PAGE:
It is because the sustainability criteria say that the biomass has to come from sustainable sources. Most of it is by-product from normal sustainable commercial forests.

My Lords, a few years ago when this Question came up in the House, the noble Lord assured the noble Earl, Lord Caithness, that if Ofgem found Drax not to be meeting its sustainability criteria, the subsidies would be immediately removed. Since then, we have had the “Panorama” review and, while I accept the noble Lord’s point that the jury is still out, I would like to know whether he is still prepared to make the same commitment to the House today.

My Lords, you have to admit that the “Panorama” programme had some interesting facts. In fact, a lot of that information comes from Canadian environmentalists who are on the spot and see the ancient forests being destroyed for those wood pellets. So why on earth does the Minister still persist in saying that we are jumping to conclusions when he is just burying his head in the sand?

As somebody famous once remarked, recollection of facts may vary. Forgive me if I do not necessarily take as absolute fact the statements of some Canadian environmentalists. Officials have looked into it. Ofgem is investigating whether the biomass is sustainable or not. Let us wait for the outcome of that investigation.

My Lords, my noble friend said in his original Answer that it was matter for the regulator. Are the Government wholly satisfied with the way regulation is working at the moment, with questions around the regulator Ofgem? Who regulates the regulators?

The noble Lord was probably in the other place when the regulations and laws for Ofgem were passed. It is an independent regulator; that is the whole principle of it. Until I see any evidence that it is not carrying out its job satisfactorily, I will continue to have confidence in it.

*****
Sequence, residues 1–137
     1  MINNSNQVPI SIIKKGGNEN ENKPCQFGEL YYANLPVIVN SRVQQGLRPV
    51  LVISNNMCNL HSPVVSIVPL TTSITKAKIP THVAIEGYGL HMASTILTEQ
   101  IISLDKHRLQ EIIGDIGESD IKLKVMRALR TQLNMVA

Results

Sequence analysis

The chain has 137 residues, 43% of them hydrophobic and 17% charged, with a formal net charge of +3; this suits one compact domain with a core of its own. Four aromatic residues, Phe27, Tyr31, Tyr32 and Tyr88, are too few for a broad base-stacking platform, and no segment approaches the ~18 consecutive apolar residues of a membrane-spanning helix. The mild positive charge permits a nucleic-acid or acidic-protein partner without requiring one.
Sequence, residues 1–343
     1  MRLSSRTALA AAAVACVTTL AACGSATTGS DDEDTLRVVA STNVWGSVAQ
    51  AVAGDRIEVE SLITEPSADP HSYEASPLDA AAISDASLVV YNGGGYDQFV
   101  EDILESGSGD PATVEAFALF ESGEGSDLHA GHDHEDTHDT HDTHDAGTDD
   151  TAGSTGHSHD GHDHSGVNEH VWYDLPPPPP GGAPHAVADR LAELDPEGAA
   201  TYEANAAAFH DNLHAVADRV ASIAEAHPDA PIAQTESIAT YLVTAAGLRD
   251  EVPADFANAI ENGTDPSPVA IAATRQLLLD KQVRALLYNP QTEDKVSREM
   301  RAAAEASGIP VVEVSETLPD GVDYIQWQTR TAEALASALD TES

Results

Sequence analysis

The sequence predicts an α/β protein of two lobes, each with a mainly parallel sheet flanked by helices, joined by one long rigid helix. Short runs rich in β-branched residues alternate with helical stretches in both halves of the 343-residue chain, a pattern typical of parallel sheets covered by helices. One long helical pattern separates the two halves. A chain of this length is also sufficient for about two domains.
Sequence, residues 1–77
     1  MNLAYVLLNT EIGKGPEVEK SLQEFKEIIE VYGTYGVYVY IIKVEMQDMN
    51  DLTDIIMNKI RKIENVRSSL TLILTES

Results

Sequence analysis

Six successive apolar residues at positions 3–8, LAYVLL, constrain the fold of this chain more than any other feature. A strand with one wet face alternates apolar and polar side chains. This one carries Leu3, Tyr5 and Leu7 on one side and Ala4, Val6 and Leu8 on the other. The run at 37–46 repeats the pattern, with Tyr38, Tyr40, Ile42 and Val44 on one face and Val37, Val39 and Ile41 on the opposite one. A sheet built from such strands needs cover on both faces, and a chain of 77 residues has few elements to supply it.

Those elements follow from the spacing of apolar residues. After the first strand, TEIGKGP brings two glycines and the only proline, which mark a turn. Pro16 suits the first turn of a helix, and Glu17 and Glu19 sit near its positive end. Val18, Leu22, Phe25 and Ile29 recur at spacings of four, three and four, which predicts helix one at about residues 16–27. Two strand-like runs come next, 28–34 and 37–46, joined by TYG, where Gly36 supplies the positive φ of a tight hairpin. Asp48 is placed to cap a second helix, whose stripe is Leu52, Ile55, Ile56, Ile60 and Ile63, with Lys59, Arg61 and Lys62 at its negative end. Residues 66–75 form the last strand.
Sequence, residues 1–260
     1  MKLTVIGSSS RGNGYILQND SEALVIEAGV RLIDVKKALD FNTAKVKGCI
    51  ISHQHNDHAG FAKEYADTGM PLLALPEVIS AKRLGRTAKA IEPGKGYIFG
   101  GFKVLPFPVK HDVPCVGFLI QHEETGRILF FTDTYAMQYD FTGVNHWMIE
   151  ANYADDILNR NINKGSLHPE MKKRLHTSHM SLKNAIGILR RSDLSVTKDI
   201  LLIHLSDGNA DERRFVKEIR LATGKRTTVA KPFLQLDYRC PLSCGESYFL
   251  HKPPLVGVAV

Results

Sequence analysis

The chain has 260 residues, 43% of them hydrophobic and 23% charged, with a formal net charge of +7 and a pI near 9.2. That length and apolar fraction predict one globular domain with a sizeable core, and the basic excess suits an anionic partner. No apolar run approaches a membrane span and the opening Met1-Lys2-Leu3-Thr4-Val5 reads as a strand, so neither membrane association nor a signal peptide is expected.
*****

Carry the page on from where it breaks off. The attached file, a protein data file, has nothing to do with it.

My Lords, when Ofgem opened its investigation into Drax’s biomass sustainability reporting a month ago, it made clear it would act if it found breaches of the rules—the right approach, surely, to a single case. However, what assessment have the Government made of wider compliance with reporting requirements and what steps are they taking to improve monitoring, particularly with regard to the origin of fuel sources?

I refer the noble Baroness to the answers I have given to previous questions. There are other biomass operations that fulfil the sustainability criteria. If any evidence is produced and if the noble Baroness has any evidence, I would be delighted to pass it on, but until then we should trust what they say.

My Lords, in answer to the excellent question from the noble Lord, Lord McLoughlin, the Minister said that officials had looked into this and that Ofgem was satisfied. But, as far as this House is concerned, it is the Minister who is responsible. What has he personally done to look into this since the programme aired so that he could have answered the Question from the noble Baroness, Lady Jones, properly?

My Lords, I have answered the Question properly. Ofgem is an independent regulator and takes these matters extremely seriously. I have spoken to the chief executive of Ofgem about it and I have spoken to officials who have investigated it, so I feel that I have discharged my duties on this one.

My Lords, I declare my interests as set out in the register. The Minister was very dismissive to the noble Baroness, Lady McIntosh of Pickering, on the issues around the national grid and the use of sustainable energy. We had long debates about this, and about community energy, in the Energy Bill. Does he not accept that there is a possibility, with some of the large onshore wind turbines we now have, that we could almost avoid grid connection and go to direct supply for developments that are important?

That was not the question I was asked, but let me tackle the question from the noble Baroness. Of course, it is perfectly within anybody’s rights to set up a private wire supply and their own community generation if they wish, but I think the noble Baroness will find that the vast majority of those schemes also want to be connected to the national grid for cases where it does not work.